No, this is not about a Latin jazz band or a little Salsa congunto, but it might have been... Why would I give an indigenous Australian grass parrot a Spanish name? Well, we gave our South African born daughter a Spanish name too. One of our Scot Greys was named Carlos too. Blame it on the passion for the beat. So this is the continued saga of Rico, the baby neophema parrot.
Now this debate has been raging in our home for the last three weeks, and I’m not over-dramatising when I say raging! The family were saying that because neophemas are flock birds, Rico needs friends. I was saying, until Rico is 100% well, he or his to-be new companions may get killed – that is, if there is a killer on the loose. But we don’t know… and from our attempts at observation over a few weeks, it seems there is no way of knowing. A good friend of mine suggested a surveillance camera, and another good friend gave my son a little spy camera ages ago which I guess we could have tried mounting. But even so you may still miss any adverse event. So this debate has been going backwards and forwards for quite a while.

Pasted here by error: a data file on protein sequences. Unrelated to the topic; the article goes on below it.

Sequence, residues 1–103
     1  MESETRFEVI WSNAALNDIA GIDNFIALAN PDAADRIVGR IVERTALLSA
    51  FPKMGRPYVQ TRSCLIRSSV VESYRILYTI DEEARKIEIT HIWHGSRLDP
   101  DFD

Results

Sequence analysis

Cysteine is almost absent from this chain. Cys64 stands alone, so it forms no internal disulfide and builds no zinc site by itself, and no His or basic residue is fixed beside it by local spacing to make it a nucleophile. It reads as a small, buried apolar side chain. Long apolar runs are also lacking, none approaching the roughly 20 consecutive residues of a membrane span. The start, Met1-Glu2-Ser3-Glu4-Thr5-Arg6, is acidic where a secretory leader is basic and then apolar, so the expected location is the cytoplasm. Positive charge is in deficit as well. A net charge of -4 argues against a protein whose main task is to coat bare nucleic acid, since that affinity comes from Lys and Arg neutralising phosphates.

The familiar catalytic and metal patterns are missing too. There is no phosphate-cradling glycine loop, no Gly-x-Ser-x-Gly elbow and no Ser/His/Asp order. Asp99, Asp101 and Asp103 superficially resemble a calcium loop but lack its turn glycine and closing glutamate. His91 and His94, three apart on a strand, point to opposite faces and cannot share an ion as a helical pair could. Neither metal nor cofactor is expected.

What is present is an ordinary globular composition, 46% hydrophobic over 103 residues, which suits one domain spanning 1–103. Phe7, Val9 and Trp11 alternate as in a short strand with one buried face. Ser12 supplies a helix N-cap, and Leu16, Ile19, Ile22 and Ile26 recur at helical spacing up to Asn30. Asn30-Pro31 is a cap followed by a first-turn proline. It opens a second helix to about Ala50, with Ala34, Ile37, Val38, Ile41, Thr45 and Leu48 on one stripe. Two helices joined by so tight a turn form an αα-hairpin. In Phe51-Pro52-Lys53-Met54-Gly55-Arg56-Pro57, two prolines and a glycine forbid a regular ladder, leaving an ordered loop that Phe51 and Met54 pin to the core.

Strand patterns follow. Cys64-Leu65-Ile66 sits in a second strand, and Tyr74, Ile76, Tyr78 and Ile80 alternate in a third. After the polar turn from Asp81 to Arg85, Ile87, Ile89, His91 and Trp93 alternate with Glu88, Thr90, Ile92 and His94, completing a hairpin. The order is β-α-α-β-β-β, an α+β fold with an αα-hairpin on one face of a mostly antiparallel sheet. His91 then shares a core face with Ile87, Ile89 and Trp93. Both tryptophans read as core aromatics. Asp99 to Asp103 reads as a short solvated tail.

Despite my reservations, on Wednesday my son had the day off school, so they went rollerblade and bird “hunting”. Patricia came back with very nice blades, and my son came back with three beautiful adult neophemas. Even though I had a lot of budgies when I was a teenager – and they generated good pocket money back then – I was more of a big bird person. We even had an African Grey for quite a number of years. But I must say these colourful little neophemas are quite something. They’re absolutely beautiful!
We had them in the carry cage with Rico for about 24 hours, and then they were set free in the aviary.
So now we’re watching with great interest how things are developing in the aviary. Here are some pictures of the new crew. Meet Phoenix and Arizona, and Twist.
So far they have been settling in nicely and little Rico seems to be doing fine and staying out of harm’s way.